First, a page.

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Global Viewpoint

Brazil’s lessons for indebted Europe

Some European nations' debt will have to be forgiven to resume growth. Those responsible for the financial turmoil must pay, rather than the poor. And Europe must unify its fiscal policy.

By Fernando Henrique Cardoso / October 11, 2011



São Paulo, Brazil

For those of us in developing countries who over the years became reluctant experts on the subject of financial crises, the latest wave of turmoil in the global financial system is, regrettably, not a surprise.

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In large part, the prescriptions and recommendations that so-called experts make today about the persistent problems in the rich world are exactly the same ones that were made in previous decades about countries such as Brazil. The difference is that, now, since the crisis is at the center and not at the periphery of the system, the global risks and repercussions are much bigger.

In the past, national officials – central banks and finance ministers – sought to vigorously demonstrate that there was no reason to compare their own country’s plight with the tragedy occurring in another. Their fiscal situation wasn’t the same; their percentage of debt to GDP wasn’t all that big; the internal debt was in the hands of domestic holders and denominated in local currencies; and so on.

But there was always one critical factor: foreign-exchange accounts. If capital flows stopped permitting the rollover of debt, the phantom of default would rear its head and often devour everything, condemning countries afflicted by the contagion to years of fiscal austerity and low growth.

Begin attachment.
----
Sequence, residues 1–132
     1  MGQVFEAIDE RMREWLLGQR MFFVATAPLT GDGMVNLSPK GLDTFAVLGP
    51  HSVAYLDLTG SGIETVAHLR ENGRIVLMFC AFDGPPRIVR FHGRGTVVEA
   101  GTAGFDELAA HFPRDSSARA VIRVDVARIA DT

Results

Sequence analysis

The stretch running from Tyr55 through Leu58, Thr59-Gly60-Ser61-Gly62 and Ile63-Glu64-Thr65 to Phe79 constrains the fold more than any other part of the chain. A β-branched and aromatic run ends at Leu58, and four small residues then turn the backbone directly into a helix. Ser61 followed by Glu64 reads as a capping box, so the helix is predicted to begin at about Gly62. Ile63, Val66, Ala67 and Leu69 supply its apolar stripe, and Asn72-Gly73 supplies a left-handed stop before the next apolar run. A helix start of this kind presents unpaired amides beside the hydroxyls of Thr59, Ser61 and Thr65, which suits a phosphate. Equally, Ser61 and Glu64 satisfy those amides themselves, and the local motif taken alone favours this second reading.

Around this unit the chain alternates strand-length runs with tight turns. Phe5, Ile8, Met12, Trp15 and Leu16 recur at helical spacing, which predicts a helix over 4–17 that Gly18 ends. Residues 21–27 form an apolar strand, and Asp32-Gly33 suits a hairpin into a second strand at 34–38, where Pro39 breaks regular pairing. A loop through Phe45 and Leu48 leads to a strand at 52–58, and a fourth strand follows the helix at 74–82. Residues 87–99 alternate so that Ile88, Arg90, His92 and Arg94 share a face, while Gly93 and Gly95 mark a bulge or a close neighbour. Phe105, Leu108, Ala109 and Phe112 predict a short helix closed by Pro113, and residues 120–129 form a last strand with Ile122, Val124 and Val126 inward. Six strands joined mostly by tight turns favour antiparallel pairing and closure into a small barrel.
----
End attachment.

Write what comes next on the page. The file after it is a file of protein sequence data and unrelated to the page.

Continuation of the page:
During the 1990s and at the beginning of this century, seemingly every problem experienced by a poorer country (some of them not so poor anymore, since the term BRIC came into fashion) was met with the same prescription. The International Monetary Fund proposed drastic fiscal discipline, a reorganization of the state’s property via privatizations, greater openness to capital flows, new investments, and in the most severe cases, a restructuring of foreign debt, as happened with the Brady Plan [the 1989 reorganization of mostly Latin American debt].

The prescription, therefore, did not assure a smooth path to the return of growth. In order to grow again, it was necessary to lure foreign funds, but at the same time not expose oneself to the most fickle and volatile capital flows – what these days is called “hot money.” Easy to say; but in practice, it was very difficult to separate the wheat from the chaff. When the situation deteriorated to the point that foreign loans were necessary to cover balance-of-payment deficits, the situation often turned lethal.

What did those of us who ran these countries ask of the international community during these difficult times? We requested more and better international regulation in order to limit speculation against our currencies, the creation of funds that were bigger and more easily accessed, and for the IMF to be strengthened and simultaneously adjust its policies in favor of countries with liquidity crises.

To finance these funds, some of us returned to the idea of a Tobin tax, a levy on conversions of one currency to another. Finally, we argued that if budget austerity exceeded a certain limit, it would kill any hopes of a return to growth – not to mention make the sociopolitical situation in our countries unsustainable. Nobody listened to us, despite our continued requests. Countries that were in no condition to negotiate better terms with the IMF generally suffered through a long period without growth, with continued inability to pay their debts, and with social unrest.

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